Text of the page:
Submitted by Jon on Fri, 01/20/2012 - 09:28
My wife and I bought a new TV for ourselves this holiday season. Well, to be more accurate, we bought a large monitor (which happens to be a TV) for our media computer. We long ago gave up on our local cable monopoly, so its use is split between digging through the increasingly meager offerings of online video rental services and watching a screensaver-ified flow of our travel favorite photos. Sometimes maybe using the live 2D->3D conversion thing. I never said we weren't both dorks.
That being said, the TV comes with, as most new TVs seem to, an app store. And it sucks. By gods, the offerings are horrible, the interface is via the clunkiest of all possible remotes, reminiscent more of an 80s-era cellular phone than a 21st century Internet-enabled TV control device. Once you manage to navigate into the app store, there are but a scant few useful apps and a smattering of crappy games and info apps.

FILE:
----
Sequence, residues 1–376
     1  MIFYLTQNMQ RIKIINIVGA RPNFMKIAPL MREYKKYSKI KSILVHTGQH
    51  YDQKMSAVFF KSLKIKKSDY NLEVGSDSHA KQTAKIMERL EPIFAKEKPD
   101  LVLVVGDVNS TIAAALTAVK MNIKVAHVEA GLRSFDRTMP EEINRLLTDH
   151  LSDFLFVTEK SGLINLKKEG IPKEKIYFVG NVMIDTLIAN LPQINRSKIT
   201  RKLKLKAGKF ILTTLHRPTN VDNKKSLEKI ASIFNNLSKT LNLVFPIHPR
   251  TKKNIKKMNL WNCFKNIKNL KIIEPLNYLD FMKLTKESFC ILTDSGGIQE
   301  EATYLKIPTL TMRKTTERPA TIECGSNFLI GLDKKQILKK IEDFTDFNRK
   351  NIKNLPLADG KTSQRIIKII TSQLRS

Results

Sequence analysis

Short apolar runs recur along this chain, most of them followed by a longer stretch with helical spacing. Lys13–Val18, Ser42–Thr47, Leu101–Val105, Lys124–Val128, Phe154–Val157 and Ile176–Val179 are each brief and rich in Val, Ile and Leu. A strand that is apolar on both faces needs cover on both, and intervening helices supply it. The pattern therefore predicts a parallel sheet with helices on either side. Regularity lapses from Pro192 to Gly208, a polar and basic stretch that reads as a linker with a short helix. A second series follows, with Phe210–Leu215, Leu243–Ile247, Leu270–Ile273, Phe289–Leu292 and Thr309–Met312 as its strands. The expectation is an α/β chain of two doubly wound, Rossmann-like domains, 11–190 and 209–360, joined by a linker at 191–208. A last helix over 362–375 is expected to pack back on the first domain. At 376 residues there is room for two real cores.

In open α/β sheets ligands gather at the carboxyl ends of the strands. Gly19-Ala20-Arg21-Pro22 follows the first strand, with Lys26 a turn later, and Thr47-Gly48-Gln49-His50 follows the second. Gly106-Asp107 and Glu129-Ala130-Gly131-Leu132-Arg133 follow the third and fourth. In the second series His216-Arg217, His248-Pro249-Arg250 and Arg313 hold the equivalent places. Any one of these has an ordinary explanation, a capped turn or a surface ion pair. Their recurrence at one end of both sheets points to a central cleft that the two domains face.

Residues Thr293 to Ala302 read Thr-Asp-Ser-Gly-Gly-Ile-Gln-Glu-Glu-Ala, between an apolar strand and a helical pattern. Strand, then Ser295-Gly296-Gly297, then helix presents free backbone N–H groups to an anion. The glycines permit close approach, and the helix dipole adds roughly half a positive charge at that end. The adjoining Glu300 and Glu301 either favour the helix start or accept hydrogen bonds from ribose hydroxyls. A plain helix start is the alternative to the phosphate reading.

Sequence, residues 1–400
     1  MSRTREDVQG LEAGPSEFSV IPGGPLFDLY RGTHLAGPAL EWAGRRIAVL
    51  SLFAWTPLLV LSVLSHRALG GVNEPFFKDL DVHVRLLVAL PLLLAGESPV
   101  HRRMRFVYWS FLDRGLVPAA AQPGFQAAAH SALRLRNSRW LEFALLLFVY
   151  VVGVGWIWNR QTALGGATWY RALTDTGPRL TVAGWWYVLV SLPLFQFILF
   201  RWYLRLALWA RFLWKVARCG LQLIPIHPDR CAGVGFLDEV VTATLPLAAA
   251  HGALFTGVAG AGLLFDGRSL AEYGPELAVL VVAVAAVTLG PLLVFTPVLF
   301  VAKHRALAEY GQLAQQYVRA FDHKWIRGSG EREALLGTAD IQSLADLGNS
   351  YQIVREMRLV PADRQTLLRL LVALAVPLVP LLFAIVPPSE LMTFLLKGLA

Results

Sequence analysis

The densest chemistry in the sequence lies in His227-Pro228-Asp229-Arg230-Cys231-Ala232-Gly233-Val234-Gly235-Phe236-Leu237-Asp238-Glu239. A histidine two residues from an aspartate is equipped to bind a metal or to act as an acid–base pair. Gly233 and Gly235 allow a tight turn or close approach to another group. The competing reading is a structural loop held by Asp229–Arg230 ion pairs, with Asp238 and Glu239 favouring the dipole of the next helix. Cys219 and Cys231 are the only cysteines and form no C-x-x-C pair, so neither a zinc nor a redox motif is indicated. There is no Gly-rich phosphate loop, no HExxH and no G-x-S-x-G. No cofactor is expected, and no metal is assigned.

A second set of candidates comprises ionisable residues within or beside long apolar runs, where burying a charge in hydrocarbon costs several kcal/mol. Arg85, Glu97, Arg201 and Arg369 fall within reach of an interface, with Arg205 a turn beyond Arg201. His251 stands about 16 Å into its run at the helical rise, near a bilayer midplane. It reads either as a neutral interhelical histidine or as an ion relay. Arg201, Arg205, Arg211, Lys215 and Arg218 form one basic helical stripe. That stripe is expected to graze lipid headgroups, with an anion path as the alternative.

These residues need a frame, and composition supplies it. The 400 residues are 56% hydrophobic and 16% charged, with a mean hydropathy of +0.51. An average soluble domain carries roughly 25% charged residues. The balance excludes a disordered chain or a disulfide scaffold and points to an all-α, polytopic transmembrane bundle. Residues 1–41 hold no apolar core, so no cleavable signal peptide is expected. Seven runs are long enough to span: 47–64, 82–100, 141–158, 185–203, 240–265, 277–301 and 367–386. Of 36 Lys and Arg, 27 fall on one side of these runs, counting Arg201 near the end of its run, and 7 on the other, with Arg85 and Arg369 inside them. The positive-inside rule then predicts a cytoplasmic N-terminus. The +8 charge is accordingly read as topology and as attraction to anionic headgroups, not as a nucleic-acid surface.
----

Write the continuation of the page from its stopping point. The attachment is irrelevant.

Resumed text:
Don't get me wrong - I'm excited about new form factors of devices, and computational power showing up in more devices - but give me a device that I can use and that is multifunctional at its heart. It may have a nice skin and intended purpose, but technology changes rapidly, and I don't want to churn through hardware devices at the speed of change in software.
Part of this is that companies must accept failure -- or at least change -- as a possibility. Your framework, support, upgrades and management of a walled garden app store may be fantastic, but what if you ditch your entire business unit? (HP, I'm looking at you).
Apple has provided a solid model of the benefits of the app path, but few companies can match Apple in their abilities to keep up with the store - and even then, it suffers from being a disneyfied (http://phandroid.com/2010/03/16/iphone-is-a-sterile-disney-fied-walled-g...), tightly controlled and kid-friendly store. The Android market is certainly a bit more wild and wooley, but that creates a new foothold for innovation.